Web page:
As I’m writing this column on Monday the 27th, it’s my grandpa’s birthday. He’s turning 80 and a lot of the family is flying down to Florida later this week to see him. In the mean, I’ve been working closely with some of the ComicMix team to get Mine! out the door which is in Previews as well as on BackerKit for pre-order. I’ve also been reading some comics I’ve been way behind on!
I got to finish the first volume of Black over the weekend. The team of Kwanza Osajyefo, Tim Smith 3, Jamal Igle, Khary Randolph, and Sarah Litt over at Black Mask Studios put together a book that takes on racial tensions with a superhero backdrop and absolutely no chill. Over the course of six issues we follow a young black man, Kareem, as he discovers not only does he have super powers, but so do many other black people. And that only black people have super powers.
For me, it takes until about halfway through issue two before the story really picks up a steam. Once the story gets moving though, the pacing gets very consistent and from issue four to the end you’re not going to want to put it down. Jamal Igle’s art in grayscale is absolutely gorgeous and helps make a few otherwise slow paced scenes of people sitting in a cell or an office very engaging. While the story is more likely to preach to the choir than to get some bigot to reexamine their backwards way of thinking, it’s still a great read and since the comic has been optioned you’ll wanna read it before the movie hits so you can be one of the cool kids.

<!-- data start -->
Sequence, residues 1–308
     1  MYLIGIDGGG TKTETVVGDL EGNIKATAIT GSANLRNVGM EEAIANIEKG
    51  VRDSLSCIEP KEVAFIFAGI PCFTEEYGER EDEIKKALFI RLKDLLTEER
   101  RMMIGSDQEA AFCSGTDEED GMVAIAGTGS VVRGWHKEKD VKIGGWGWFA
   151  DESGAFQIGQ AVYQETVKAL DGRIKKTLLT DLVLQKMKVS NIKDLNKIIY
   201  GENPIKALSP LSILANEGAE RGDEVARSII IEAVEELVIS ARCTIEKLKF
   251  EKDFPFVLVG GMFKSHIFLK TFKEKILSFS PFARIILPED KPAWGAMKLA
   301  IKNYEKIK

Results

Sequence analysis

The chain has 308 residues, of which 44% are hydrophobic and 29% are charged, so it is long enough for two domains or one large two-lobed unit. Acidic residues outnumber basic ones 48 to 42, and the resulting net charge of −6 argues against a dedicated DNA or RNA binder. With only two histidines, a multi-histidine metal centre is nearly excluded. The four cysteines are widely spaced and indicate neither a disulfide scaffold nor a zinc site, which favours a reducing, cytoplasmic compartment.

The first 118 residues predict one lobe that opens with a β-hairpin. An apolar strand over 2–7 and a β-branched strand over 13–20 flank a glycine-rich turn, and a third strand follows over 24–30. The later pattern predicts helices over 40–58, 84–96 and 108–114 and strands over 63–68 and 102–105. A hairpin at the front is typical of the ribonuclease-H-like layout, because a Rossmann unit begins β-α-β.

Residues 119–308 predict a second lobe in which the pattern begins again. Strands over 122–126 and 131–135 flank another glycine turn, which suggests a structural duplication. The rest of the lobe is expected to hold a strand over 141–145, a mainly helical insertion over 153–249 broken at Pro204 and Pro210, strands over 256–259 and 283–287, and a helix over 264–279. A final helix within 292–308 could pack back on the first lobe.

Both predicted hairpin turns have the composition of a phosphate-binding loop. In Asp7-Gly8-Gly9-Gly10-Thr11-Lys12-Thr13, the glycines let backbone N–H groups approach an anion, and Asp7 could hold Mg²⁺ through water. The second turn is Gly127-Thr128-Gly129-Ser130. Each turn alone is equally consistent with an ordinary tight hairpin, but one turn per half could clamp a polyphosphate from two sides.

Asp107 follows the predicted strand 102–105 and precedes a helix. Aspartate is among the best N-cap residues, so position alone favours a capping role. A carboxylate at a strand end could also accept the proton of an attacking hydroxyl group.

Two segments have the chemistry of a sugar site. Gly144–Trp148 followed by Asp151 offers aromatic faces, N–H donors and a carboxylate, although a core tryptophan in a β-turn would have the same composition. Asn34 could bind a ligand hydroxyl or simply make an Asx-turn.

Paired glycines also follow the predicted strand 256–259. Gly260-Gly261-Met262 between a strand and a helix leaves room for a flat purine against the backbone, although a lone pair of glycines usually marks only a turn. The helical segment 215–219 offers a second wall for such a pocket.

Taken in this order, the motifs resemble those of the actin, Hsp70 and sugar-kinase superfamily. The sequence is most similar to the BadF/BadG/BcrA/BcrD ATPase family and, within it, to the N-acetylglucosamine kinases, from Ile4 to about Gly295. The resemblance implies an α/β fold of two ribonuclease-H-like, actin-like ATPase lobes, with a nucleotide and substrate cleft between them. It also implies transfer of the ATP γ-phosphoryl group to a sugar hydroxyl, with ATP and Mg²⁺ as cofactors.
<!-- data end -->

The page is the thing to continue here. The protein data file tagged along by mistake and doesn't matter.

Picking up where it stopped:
Another series I finally got to crack into was Super Sons over at DC. Now, I was a little late to the party when Peter Tomasi was tackling Damian Wayne with the New 52’s Batman and Robin with Patrick Gleason. Peter’s work on Damian is honestly the best portrayal of the character I’ve read, and I say this as a huge Grant Morrison fan. The first arch of that Batman and Robin run had me sold and I kept up with that title for quite a while after, so seeing Peter back on Damian in Super Sons put this book on my radar right away.
Joined by the incredible artist Jorge Jimenez, Peter Tomasi tells us of the adventures of young Jon Kent a.k.a. Superboy and Damian Wayne aka Robin as they try to prove themselves to be just as capable as their super parents. As excited as I was to finally read this comic, it honestly surpassed my expectations.
Jon Kent is the perfect foil to Damian Wayne. The way the two interact with each other in their playful rivalry creates a fun dynamic that I wish I saw in more comics. Jon’s youth, height, and natural abilities get under Damian’s skin, but handles it better than the less mature Jon who wears his heart on his sleeve. As the two try to a nefarious plot, we watch as the two rib on each other. Jon has taken it personally that he wasn’t asked to be in the Teen Titans despite being a ten years old. One of my favorite moments is when Jon points out a mistake that Damian has made and he responds by saying he learns from his mistakes better than anyone.
Between the fantastic story and the gorgeous, fluid artwork, I can’t possibly recommend Super Sons enough. If you’ve been loving DC’s Rebirth and haven’t picked this title up yet, get on it. If you don’t read DC Comics, you seriously should consider picking this up too. And while there is some violence, it’s definitely more appropriate for some younger readers than a lot of other Big 2 comics out there.
Look, I know I was late to the party here. Luckily with trade paperbacks and comiXology you can never be too late to the party when it comes to comics.